By Gary Martin, [email protected]
Wednesday, August 21, 2013
An evangelical group has launched a million-dollar radio advertising blitz to sway Republican House members to support immigration reform with a path to citizenship for 11 million undocumented immigrants.
Evangelical Immigration Table announced Tuesday that they would increase their ad buys on Christian and talk radio by $400,000, raising the total of expenditures $1 million.
The ads target lawmakers in 56 congressional districts in 14 states – including GOP members in Texas and California.
“Right now members of Congress are home for the August recess, listening to what their constituents want for the rest of the year,” Barrett Duke, president for policy with the Southern Baptist Ethics & Religious Liberty Commission.
“We support broad immigration reform, without delay,” Duke said.
Immigrant rights supporters have turned up the heat on lawmakers this summer as Congress spends its time back in congressional districts to meet with constituents about pressing issues.
Likewise, conservative groups and those opposing increased immigration limits are conducting campaigns to pressure lawmakers to vote against increased immigration levels and citizenship.
Many evangelical groups often align with Republicans on social issues.
But the Evangelical Immigration Table has joined with a centrist coalition of groups representing law enforcement and businesses who seek a more humane immigration system and one that would allow those here illegally to gain citizenship.
“There are so many children in our community who fear their parents will be deported,” said Mike McClenahan, pastor of the Solana Beach Presbyterian Church in California.
He joined other pastors, including Dr. Stan Coffey, senior pastor of The Church at Quail Creek in Amarillo, and Felix Cabrera, Hispanic pastor for Quail Springs Baptist Church in Oklahoma City, in taping radio ads to be aired in congressional districts.
The ads are running over a two-week period and at saturation levels, Duke said.
Cabrera said he decided to participate, because “through the ads I could be the voice for those who were voiceless.”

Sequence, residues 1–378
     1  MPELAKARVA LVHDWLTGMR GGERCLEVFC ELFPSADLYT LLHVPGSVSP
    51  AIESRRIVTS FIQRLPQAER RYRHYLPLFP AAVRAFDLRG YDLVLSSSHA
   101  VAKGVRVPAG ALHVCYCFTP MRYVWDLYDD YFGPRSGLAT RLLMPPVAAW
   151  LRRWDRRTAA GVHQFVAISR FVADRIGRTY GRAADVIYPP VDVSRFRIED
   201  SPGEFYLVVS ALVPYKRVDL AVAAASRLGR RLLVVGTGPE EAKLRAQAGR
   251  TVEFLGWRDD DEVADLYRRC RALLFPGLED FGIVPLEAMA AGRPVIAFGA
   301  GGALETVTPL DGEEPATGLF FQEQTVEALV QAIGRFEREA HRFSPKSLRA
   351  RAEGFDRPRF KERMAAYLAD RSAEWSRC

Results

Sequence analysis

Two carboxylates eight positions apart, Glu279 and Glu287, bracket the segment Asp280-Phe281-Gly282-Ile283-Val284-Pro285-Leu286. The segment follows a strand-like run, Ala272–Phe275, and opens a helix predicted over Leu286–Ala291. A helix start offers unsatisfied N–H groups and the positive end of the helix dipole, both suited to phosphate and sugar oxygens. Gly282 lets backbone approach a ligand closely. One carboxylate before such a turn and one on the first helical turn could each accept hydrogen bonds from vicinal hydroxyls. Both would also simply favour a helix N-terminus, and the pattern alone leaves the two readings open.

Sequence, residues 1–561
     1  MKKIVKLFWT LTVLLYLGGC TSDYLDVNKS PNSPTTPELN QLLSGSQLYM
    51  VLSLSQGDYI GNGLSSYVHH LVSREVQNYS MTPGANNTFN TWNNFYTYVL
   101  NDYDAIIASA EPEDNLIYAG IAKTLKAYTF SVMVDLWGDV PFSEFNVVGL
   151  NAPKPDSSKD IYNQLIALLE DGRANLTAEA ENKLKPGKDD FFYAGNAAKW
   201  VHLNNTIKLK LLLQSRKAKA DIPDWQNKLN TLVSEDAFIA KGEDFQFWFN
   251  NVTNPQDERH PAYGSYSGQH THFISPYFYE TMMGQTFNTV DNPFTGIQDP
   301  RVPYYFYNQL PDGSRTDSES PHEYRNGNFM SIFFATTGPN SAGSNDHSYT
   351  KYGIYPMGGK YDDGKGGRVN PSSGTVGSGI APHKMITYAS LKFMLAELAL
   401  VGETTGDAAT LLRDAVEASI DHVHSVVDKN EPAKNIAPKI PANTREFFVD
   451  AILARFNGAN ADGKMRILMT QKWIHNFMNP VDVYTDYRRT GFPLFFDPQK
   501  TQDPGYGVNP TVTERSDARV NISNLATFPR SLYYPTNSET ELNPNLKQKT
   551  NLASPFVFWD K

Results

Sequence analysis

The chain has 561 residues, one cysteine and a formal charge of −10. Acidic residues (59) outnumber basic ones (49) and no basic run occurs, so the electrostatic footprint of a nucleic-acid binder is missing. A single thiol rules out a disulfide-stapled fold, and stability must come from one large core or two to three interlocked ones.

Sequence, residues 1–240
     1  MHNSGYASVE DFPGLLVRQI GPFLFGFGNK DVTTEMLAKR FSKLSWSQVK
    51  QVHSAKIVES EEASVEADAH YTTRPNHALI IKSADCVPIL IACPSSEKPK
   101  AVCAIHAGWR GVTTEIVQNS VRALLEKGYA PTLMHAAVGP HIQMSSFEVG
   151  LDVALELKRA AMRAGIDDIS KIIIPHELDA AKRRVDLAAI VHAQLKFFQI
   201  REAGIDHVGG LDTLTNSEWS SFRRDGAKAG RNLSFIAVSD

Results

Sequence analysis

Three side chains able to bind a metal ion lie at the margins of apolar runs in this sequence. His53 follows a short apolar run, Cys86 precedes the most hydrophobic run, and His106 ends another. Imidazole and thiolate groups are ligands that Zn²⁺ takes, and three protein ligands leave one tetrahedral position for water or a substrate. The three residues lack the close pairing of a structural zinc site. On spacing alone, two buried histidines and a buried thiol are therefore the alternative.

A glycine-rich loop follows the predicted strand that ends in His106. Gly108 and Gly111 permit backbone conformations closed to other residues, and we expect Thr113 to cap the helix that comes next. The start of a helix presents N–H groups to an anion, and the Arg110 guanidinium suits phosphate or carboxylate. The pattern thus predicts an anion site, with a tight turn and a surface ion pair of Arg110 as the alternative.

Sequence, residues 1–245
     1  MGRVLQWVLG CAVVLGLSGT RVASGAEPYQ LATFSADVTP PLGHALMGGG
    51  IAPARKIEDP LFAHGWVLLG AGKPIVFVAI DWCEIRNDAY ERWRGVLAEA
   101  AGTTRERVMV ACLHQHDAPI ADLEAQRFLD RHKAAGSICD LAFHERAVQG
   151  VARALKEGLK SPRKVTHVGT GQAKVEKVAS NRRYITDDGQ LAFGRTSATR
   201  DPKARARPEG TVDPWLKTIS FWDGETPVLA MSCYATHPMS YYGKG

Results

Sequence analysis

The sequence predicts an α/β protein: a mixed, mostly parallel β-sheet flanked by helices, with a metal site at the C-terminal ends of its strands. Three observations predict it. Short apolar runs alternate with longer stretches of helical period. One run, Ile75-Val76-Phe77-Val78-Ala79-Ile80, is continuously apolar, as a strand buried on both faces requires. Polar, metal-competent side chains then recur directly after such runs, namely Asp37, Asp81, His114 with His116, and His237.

He said his Oklahoma City congregation includes immigrant families who have become the “collateral damage of our broken immigration system.”
A Senate bill passed in June has bipartisan support for a 13-year path to citizenship for undocumented immigrants, as well as a $46 billion border security that would double Border Patrol agents and erect border fencing.
The House is taking a more piecemeal approach, eyeing bills that focus on border security, law enforcement and expanding an electronic employee verification program for all businesses.
None of the House bills includes a path to citizenship, and Rep. Bob Goodlatte, R-Va., chairman of the House Judiciary Committee, said this week his committee would not entertain citizenship proposals.
Republicans in the lower chamber, meanwhile, are being pressured on the political right and left on the citizenship issue.
Opponents of citizenship have called citizenship an amnesty that would reward law breakers.
And groups like NumbersUSA, which advocate lower levels of immigration, are targeting lawmakers who support citizenship in conservative districts with telephone calls and advertising.
Evangelical Immigration Table, meanwhile, have signed up 60,000 people for a grassroots effort called “Pray for Reform,” designed to reach out the wavering or uncommitted lawmakers on immigration reform.
In addition, the $1 million ad campaign is running in 14 states to convince lawmakers in these states that when they will return to Washington they have support at home for reform legislation that includes an earned pathway to citizenship.
The 12 lawmakers targeted in Texas include: Ted Poe, John Culberson, Kevin Brady, Michael McCaul, Randy Weber, Pete Olson, Sam Johnson, Joe Barton, Pete Sessions, Mac Thornberry, Bill Flores and Blake Farenthold.
Farenthold was targeted by immigrant rights groups earlier this month with a petition drive and rally at his Corpus Christi office.
In a twist, Farenthold’s congressional office notified local Republicans who showed up to counter and disrupt the rally, drawing national headlines.
In California, considered a key battleground in the immigration reform debate, eight lawmakers are being targeted by the Evangelical Immigration Table ads.
Those lawmakers include: Doug LaMalfa, Paul Cook, Devin Nunes, Kevin McCarthy, Buck McKeon, Gary Miller, Ed Royce, Darrell Issa.
McCarthy backs legal status but has stopped short of supporting citizenship for the undocumented immigrants.
The House Majority Whip, McCarthy is being targeted in TV ads by a group opposed to citizenship for undocumented immigrants, Californians for Population Stabilization of Santa Barbara.
In addition to Texas and California, other states where the ads will be aired include: Alabama, Arkansas, Colorado, Florida, Georgia, Illinois, Louisiana, Missouri, Oklahoma, North Carolina, South Carolina and Wisconsin.